Project Report

A model for internal medicine physicians in a small rural hospital


Paul Bunge1 MD, Inpatient Medical Director *


1 Summit Pacific Medical Center, Elma, WA, USA

ACCEPTED: 10 September 2017

early abstract:

Context: Finding providers to work in the hospitals and clinics in the small towns of America is a significant struggle. In the traditional model, the primary care doctor sees patients in the inpatient setting in addition to a clinic practice. In the usual hospitalist model, providers specialize to work only in the inpatient setting.
Issue and project: Rural communities often lack the resources, facilities, and volume to safely adopt the usual hospitalist model, which has its own disadvantages. Small town hospitals have found several ways to find a middle ground between the two models. A provider staffing model is described that utilizes internal medicine physicians to provide inpatient and consultative outpatient care in a rural ten-bed hospital in Washington State. The hospital is located in a town with population of about 3100, in a county with about 70,000. It has a 24-hour emergency room, three primary care clinics, urgent care, x-ray, pharmacy, and laboratory capabilities. In this model, the internist on duty provides care in the inpatient unit and in the afternoon sees patients consulted from primary care providers, as well as follow-up patients from the emergency room (ER) and the inpatient setting.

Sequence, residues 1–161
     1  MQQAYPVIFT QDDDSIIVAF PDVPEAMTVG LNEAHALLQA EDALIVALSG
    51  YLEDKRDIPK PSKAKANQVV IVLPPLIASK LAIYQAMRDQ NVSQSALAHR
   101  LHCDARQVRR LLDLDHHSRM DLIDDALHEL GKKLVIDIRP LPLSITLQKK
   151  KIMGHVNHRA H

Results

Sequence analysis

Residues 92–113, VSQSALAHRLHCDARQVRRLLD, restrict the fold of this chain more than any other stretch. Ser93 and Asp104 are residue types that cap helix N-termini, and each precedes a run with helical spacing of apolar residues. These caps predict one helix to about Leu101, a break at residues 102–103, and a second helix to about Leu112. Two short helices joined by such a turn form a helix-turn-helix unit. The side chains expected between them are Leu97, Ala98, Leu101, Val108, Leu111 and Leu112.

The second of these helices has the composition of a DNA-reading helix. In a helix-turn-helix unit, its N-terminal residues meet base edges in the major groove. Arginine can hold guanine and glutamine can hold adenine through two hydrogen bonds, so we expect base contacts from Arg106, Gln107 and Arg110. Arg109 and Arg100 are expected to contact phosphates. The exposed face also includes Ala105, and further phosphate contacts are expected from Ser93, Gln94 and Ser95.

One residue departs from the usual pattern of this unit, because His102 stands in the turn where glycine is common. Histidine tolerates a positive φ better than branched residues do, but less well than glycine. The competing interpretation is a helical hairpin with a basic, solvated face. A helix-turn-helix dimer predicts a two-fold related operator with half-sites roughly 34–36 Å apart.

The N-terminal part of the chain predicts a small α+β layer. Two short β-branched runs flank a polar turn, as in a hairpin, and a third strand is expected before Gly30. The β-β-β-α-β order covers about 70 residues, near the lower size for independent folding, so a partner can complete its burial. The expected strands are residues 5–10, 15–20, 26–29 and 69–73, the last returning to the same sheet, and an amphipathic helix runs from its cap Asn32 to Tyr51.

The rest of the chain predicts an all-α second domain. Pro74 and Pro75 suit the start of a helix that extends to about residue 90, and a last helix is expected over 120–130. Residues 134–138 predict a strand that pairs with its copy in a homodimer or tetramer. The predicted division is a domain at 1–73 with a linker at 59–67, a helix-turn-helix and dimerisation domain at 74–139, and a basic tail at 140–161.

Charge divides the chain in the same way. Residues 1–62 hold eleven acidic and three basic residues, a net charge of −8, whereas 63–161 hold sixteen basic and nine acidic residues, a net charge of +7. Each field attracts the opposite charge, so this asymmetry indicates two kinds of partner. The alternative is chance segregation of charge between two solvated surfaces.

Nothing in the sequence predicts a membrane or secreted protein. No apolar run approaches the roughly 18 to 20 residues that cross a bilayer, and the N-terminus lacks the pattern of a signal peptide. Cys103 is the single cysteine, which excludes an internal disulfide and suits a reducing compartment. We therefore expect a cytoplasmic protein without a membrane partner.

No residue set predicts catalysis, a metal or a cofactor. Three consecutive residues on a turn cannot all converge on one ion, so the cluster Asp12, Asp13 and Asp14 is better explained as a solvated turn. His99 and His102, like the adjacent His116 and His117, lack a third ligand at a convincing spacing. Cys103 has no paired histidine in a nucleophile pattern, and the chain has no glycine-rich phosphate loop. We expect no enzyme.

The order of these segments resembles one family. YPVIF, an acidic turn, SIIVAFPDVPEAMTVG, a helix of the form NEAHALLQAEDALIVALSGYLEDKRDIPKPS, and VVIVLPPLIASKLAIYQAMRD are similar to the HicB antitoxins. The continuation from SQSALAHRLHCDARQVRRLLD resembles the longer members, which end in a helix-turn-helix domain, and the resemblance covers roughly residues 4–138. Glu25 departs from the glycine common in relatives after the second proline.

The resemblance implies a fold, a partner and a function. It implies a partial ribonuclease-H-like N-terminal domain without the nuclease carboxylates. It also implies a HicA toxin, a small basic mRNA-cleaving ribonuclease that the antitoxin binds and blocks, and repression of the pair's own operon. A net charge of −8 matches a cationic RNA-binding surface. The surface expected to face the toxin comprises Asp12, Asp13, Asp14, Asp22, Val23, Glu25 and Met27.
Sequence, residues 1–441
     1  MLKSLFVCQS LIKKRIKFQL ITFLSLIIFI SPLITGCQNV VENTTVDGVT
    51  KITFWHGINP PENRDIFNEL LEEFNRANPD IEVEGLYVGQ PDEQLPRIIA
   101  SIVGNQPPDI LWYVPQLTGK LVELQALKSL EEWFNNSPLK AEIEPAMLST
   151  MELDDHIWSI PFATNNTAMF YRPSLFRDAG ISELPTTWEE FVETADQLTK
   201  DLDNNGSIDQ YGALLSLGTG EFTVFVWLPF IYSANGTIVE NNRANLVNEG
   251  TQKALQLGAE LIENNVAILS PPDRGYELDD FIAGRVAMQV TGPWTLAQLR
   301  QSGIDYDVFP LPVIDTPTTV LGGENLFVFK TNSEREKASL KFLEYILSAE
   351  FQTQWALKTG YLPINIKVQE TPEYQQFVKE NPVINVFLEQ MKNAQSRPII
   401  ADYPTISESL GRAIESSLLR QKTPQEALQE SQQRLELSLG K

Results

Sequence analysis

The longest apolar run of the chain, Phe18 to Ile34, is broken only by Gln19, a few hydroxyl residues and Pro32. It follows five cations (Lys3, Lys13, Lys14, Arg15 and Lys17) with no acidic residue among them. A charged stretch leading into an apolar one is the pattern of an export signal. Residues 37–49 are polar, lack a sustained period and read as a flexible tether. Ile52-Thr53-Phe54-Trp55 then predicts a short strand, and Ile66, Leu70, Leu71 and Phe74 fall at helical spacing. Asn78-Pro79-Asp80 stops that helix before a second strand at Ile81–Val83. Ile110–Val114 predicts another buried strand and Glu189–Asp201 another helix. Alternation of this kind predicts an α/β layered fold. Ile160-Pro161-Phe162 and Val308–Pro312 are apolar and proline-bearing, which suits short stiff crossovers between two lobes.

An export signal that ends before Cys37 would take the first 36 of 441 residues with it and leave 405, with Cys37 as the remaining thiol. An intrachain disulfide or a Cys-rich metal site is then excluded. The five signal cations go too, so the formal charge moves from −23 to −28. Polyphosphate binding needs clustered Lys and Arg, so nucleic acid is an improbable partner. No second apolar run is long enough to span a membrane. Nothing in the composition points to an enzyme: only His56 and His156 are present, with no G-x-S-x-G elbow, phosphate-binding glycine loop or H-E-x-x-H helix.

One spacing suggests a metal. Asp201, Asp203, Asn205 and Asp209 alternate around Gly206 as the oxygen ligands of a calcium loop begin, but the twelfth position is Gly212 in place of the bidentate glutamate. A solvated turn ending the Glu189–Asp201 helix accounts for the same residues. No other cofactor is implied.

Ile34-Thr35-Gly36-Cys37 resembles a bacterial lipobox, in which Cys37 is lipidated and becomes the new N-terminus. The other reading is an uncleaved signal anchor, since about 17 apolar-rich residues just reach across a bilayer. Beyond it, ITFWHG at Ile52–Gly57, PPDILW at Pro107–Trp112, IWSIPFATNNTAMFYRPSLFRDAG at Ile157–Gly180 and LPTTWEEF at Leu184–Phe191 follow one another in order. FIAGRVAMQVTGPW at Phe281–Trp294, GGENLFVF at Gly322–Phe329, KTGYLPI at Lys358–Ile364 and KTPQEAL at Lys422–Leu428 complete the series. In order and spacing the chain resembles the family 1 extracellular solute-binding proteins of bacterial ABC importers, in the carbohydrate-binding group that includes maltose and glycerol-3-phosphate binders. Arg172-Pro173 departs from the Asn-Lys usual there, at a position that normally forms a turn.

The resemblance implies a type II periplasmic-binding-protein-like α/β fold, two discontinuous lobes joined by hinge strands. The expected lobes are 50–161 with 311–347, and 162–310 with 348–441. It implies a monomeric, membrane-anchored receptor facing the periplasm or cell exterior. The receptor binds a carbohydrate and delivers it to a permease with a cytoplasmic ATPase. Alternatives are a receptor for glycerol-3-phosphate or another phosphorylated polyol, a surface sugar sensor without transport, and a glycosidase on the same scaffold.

Lessons learned: The model potentially increases access to a higher level of care in the rural setting. It potentially provides work that for the provider that is interesting, satisfying, balanced, purposeful, and appropriate to their training level. Specific norms, standards, and leadership are key to functionality, including some continued experience in a larger hospital. The model has been functioning successfully for more than three years. The potential cost savings over the usual hospitalist model are substantial. The model could be used in other locations and in training internal medicine physicians in the rural setting. Research in this area could include randomizing communities to this and other staffing models and following the care given and the health of the community members over time.